Edina's Fred Richards Golf Course will close at the end of this season.

Despite petitions, legal challenges and pleas from golfers young and old, the City Council voted 3-2 Tuesday night to close "The Fred." In the end, financial pressures on the city's municipal golf operations trumped pleas to find a way to save the Fred.

Mayor Jim Hovland and Council Member Mary Brindle dissented, with Hovland saying that he sensed the relatively fast process to close the golf course had shaken "the trust and confidence of the public."

"This isn't to say I endorse keeping it open," he said. "But there's a rush to judgment here."

Hovland proposed taking a year to involve the public in the issue. Perhaps raising rates would help, he said. The Fred, a course that is a favorite with seniors, novice golfers and kids, is an asset in a city that is promoting itself as a healthy place to live, the mayor said.

Brindle agreed, suggesting the city delay closing the course until it is clear how costly conversion to a new park would be.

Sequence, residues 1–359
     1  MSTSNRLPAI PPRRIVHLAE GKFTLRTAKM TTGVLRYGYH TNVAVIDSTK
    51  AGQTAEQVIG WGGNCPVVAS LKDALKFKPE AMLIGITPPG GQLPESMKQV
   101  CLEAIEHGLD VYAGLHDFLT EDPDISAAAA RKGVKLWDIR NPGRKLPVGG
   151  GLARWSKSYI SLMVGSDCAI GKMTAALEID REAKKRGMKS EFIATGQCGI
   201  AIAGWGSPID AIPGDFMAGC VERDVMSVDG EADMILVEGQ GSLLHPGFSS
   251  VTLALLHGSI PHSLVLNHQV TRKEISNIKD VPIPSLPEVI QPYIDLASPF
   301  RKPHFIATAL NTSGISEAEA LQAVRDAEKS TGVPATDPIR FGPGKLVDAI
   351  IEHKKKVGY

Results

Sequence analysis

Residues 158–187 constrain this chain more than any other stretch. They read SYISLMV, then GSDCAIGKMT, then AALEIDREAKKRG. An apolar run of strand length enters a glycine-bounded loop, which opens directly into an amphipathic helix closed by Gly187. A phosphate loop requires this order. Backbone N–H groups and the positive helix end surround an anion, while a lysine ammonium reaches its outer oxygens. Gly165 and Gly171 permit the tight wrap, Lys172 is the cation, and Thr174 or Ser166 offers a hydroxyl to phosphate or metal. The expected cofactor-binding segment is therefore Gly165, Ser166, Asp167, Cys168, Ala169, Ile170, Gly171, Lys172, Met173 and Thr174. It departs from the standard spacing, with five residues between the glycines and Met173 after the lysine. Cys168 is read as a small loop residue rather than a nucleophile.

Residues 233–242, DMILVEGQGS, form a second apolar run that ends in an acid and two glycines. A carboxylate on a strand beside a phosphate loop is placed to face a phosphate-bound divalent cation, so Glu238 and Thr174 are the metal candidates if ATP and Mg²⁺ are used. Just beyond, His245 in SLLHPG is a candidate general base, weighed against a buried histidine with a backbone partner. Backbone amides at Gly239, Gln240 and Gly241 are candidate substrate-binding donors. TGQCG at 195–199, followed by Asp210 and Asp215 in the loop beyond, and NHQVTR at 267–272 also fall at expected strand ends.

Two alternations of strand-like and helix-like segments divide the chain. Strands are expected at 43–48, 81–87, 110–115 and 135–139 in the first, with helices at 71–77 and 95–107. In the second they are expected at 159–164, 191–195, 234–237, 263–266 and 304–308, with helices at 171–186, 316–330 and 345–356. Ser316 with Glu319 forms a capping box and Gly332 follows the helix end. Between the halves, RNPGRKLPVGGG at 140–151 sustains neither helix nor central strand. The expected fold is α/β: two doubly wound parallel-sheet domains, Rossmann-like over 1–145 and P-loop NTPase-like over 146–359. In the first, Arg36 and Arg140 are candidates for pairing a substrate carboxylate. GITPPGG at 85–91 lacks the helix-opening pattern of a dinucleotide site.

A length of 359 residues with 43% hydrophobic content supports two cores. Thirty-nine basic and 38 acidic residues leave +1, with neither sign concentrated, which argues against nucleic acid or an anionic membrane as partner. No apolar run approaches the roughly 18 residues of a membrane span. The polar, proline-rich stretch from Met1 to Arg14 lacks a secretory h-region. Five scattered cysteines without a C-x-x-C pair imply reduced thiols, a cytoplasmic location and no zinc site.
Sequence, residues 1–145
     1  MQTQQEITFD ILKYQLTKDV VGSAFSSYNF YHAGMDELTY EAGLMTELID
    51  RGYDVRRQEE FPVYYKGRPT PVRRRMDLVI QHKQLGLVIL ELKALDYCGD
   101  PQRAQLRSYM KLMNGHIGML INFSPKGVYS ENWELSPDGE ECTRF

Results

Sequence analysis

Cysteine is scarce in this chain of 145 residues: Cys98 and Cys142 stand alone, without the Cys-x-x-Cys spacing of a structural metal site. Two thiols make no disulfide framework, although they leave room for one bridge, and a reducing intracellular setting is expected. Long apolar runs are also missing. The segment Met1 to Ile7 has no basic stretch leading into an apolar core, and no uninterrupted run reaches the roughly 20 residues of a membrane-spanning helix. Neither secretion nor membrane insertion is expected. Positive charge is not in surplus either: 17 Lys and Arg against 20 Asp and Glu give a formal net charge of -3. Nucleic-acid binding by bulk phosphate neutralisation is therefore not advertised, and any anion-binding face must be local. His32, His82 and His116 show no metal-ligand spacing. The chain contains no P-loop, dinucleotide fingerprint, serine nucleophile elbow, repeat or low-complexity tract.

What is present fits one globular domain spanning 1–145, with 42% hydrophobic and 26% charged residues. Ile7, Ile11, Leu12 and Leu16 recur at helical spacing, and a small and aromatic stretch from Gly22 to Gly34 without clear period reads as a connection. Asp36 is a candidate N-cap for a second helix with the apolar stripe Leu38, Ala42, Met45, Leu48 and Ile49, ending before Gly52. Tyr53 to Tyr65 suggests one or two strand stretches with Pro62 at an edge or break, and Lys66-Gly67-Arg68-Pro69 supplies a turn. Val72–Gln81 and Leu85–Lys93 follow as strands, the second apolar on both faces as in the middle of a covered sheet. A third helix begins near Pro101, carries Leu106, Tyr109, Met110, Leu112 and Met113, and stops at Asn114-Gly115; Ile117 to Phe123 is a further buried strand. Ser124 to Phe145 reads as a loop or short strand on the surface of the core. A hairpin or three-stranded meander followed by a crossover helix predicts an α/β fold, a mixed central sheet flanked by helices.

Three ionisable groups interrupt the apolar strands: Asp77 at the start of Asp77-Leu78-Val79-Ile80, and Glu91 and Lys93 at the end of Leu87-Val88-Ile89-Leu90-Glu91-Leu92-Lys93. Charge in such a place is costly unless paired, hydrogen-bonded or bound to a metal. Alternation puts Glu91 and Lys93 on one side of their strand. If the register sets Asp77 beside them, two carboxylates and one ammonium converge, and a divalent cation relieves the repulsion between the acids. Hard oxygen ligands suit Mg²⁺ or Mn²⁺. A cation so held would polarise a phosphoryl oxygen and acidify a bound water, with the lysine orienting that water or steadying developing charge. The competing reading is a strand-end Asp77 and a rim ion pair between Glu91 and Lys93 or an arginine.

But other council members pointed to the costs for a sport that is shrinking in popularity. Braemar Golf Course, the more difficult of the city's two courses, badly needs renovation. Edina's golf courses require a $485,000 annual subsidy from municipal liquor store profits.

Member Josh Sprague pointed out that the Fred was, at best, "a break-even operation" and a park would benefit more people.

Sprague, Joni Bennett and Ann Swenson voted to close the Fred at the end of the season. With Hovland abstaining, the council also voted to start a master plan, involving neighbors, city officials and the park board, to convert the course. Members unanimously supported creating a master plan for Braemar and making improvements there.

Opponents had tried to get the state to require an environmental assessment of changes at the golf course site. The state Environmental Quality Board booted the issue back to the city, where the council voted not to do the assessment.

Many of the Fred's defenders have said they suspect the closure is linked to needing the site to treat stormwater for the planned redevelopment of Pentagon Park across the street. City officials have denied that there is any connection, and say the land will be kept as public property.